U.S. Particle Accelerator School

Iron Bound Magnets course

Sponsoring University:

Old Dominion University


Iron Bound Magnets


Jack Tanabe, ret. SLAC and Mau Lopes, Fermilab

Purpose and Audience
The course is intended for magnet engineers and scientists interested in the design, engineering, fabrication, measurement, installation and alignment of electromagnets for low and medium energy accelerators and beam transport lines. The course is suitable for both the last year undergraduates and all graduate students in physics and engineering as well as those planning careers in the field of particle accelerators or those participating in magnet design and manufacture. The material concentrates on practices resulting in high-quality magnets, especially for synchrotron light sources and collider accelerators requiring the use of high-performance magnets required to achieve beam lifetimes measured in tens of hours. The course covers the design, fabrication and assembly practices as well as reviewing the mathematical basis for the computation of two and three dimensional fields. A section of this course exploits the mathematics of magnetic fields to describe one of many means used to measure and characterize the performance of fabricated magnets.

It is the responsibility of the student to ensure that he or she meets the course prerequisites or has equivalent experience.

One objective of this course is to familiarize the student with accelerator electromagnets, the mathematical concepts used to define the physics requirements for accelerator and beam transport magnets and to characterize their performance. Fabrication and assembly techniques used to construct magnets satisfying these requirements are described. Another objective is to familiarize the magnet designer with power supply and hydraulic infrastructure constraints typical of most accelerator facilities and to provide algorithms which can be used to ensure that magnet designs will conform to these constraints. Good fabrication and assembly practices as well as means of component and assembly testing during magnet manufacture to ensure long magnet service life and personnel safety are discussed. A final objective is to introduce often overlooked areas of magnet design; fiducialization, installation, alignment and mechanical stability.

Instructional Method
Two lectures per day will be presented for a period of 4½ days. Homework will be assigned during the afternoon sessions. The completed homework will be handed in and the solutions reviewed during the following morning sessions. The graded homework will be available on the following day. Some of the homework will be taken from problem sets at the ends of the chapters in the course text. One of the afternoon sessions and up to two evening sessions will be scheduled to work in the computer lab performing two dimensional magnet calculations using Poisson.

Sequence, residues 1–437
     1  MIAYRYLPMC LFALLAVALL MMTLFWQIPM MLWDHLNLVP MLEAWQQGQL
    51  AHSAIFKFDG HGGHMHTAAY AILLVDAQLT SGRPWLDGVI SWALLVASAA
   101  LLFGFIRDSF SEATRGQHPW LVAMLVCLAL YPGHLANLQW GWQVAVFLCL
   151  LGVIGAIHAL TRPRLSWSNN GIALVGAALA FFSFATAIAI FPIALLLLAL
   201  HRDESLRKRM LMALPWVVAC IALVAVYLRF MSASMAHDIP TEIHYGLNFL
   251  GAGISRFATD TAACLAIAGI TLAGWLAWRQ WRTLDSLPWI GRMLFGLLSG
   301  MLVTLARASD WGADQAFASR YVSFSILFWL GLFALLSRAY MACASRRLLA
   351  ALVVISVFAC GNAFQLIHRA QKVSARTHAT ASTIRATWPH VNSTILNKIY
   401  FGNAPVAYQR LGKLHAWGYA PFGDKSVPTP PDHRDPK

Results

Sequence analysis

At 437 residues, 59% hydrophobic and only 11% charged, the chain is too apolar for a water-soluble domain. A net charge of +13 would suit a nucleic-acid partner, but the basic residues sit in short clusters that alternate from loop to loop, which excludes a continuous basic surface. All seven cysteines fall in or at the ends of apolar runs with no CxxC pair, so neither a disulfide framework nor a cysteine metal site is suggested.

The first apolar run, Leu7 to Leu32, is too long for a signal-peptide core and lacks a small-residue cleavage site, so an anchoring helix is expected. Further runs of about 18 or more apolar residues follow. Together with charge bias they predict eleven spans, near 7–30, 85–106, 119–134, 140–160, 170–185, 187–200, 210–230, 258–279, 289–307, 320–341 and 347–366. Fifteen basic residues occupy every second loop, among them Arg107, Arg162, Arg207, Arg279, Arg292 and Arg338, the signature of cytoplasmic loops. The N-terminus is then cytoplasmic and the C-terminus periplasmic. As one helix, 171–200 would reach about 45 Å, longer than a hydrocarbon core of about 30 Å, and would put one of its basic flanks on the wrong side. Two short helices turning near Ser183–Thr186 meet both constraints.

Course Content
The course will cover all aspects of magnet design, fabrication and measurements. Solution of Laplace’s equation using two forms of the function of a complex variable and numerical solution of Poisson’s two dimensional magnet will be used to describe the ideal magnetic fields as well as the error spectrum. Means of writing files for POISSON, the two dimensional magnetic analysis program will be presented. The two dimensional concepts will be generalized to three dimensional field integrals. Stoke’s theorem will be used to develop formulae required to compute the coil excitation to generate the required field in the magnet gap as well as the excitation to drive the field through the permeable material which ultimately shapes the field.
The first part of the course will include design tools to ensure good field quality including pole width criteria to ensure uniform fields in dipoles. Magnetic measurement techniques and means for reducing the data to evaluate multipole errors will be covered with detailed specific examples from SPEAR3, the ALS, the Canadian Light Source and the Australian Light Source. Error analyses including rules to estimate errors due to pole placement and excitation will be presented by using tables. Conformal mapping will be extensively discussed as a tool to simplify design of high quality quadrupoles by extending the dipole criteria. Hydraulic computations are reviewed for dissipating the heat generated by the electrical excitation of magnet coils. Laboratory work will consist of performing two dimensional magnet calculations using Poisson.

Reading Requirements
(to be provided by the USPAS) “Iron Dominated Electromagnets - Design, Fabrication, Assembly and Measurements”, World Scientific (2005) by Jack T. Tanabe. The students should familiarize themselves with the mathematics of complex variables using both Cartesian and polar coordinate and concepts of conformal mapping.

Credit Requirements
Students will be evaluated based on performance as follows: final exam (40 % of final grade), homework assignments (40% of final grade) computer/lab sessions (20% of final grade).

IU/USPAS course number P671